Training questions

Touchstone

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Just a few questions

Is there a families day in YO training?

Someone mentioned you can wear your families medals on parade/pass out, is this true? In mind are my grandfathers service medals from the Navy.

Is there any medical training or instruction during YO training? What type?

Are you acquainted with any other assault rifles than the SA80?

Physical aspects aside, someone mentioned that YO training is the equivalent of doing a first class degree? Is this true, how mentally taxing is it in this respect?

What is the longest march you will do other than the ones in the commando tests (load weight?)?

Are the commando tests the hardest part, or at least, is it easier after this? How progressive is the fizz after the commando tests?

I hope you can answer them, thanks.
 
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Sotiris

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I know you certainly get aquainted with weapons you'll encounter in the East. Ak47, RPG 7....that sort of stuff.
 

Mack15

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Are the commando tests the hardest part, or at least, is it easier after this? How progressive is the fizz after the commando tests?
I have heard that when you go for officer training you have to do the commandoi tests in a quicker time than the other ranks so for the 30 miler you have to do in 7 hours instead of 8 which the other ranks will do it in, dunno the other times for officers but the times arnt extremely lowered.
 
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Sotiris

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Yea all the YO requirements are harder..you also have to navigate your way on the 30 miler.

They have to be. A YO has to be more physically capable then the men he's leading so he can lead from the front.
 
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Just a few questions

Is there a families day in YO training?

Yes, just before your first long weekend in about week 10.

Someone mentioned you can wear your families medals on parade/pass out, is this true? In mind are my grandfathers service medals from the Navy.

No you cannot wear them. The only exception I can think of is a mate of mine who died in Afghan this year. His brother will wear his Afghan medal when he passes out this year.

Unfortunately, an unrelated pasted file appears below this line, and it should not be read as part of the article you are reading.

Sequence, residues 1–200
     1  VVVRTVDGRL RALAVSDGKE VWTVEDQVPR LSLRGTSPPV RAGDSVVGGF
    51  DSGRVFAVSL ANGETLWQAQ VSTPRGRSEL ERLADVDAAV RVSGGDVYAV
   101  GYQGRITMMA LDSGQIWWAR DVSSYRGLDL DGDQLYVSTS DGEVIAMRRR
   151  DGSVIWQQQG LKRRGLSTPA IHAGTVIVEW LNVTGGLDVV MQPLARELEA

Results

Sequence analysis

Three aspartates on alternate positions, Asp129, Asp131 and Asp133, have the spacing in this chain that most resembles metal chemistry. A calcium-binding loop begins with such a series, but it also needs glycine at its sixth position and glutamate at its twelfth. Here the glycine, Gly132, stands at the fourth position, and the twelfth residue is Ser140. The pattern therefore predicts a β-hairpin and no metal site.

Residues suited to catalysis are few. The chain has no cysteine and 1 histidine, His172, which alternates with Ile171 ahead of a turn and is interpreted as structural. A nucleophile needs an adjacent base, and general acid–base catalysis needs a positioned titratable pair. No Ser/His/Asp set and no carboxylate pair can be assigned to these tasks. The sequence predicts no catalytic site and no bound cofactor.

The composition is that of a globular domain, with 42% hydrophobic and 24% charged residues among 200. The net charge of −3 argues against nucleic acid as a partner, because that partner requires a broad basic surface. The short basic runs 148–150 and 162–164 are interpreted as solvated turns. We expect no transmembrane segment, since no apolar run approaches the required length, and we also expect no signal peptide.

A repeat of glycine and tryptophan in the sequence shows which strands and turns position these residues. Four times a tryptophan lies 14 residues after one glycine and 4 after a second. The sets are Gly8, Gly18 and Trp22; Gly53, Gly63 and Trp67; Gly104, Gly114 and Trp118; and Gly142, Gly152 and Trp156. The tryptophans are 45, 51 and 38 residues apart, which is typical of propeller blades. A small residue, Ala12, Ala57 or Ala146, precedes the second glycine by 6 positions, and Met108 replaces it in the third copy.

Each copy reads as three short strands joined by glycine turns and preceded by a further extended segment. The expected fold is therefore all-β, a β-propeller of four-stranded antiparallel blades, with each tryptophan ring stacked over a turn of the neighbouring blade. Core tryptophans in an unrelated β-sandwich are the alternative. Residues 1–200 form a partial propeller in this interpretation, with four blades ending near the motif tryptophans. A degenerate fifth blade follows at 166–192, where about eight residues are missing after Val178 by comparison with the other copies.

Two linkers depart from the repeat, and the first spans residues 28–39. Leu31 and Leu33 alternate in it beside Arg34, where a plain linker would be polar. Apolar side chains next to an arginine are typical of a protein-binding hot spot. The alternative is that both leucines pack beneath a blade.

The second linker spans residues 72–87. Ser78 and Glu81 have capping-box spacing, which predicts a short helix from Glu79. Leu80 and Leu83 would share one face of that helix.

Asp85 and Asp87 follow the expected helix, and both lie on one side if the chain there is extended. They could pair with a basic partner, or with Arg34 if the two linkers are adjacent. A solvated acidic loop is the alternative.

Of course, if you have earned the medals yourself ie with the TA/RMR, you can wear them.

Is there any medical training or instruction during YO training? What type?
There is a bit, but it's very basic. A Troop Commander is not going to be giving first aid in a battle situation, he'll be controlling the Sections and fighting the Troop. The Troop Sgt will deal with the casualty.

Are you acquainted with any other assault rifles than the SA80?
Not assault rifles but all the infantry weapons ranging from Browning 9mm to GPMG. Look at the RM website for the different infantry weapons.

Physical aspects aside, someone mentioned that YO training is the equivalent of doing a first class degree? Is this true, how mentally taxing is it in this respect?
It's pretty tough but if you get into training, you should be bright enough to get through it. It's not about being book smart but practically intelligent. You need to be able to think when you are very tired and all hell is breaking loose.

What is the longest march you will do other than the ones in the commando tests (load weight?)?
I am not going to tell you...partly because I can't remember and also because they change the Commando Course for the YOs every year. It's a very well kept secret.

Are the commando tests the hardest part, or at least, is it easier after this? How progressive is the fizz after the commando tests?
It depends upon the individual. The 30 Miler is absolutely nails but I think that the exercise is more difficult than all of the tests put together. After the Commando tests you lead the phys sessions in the form of circuits. It's still tough but there is much less pressure.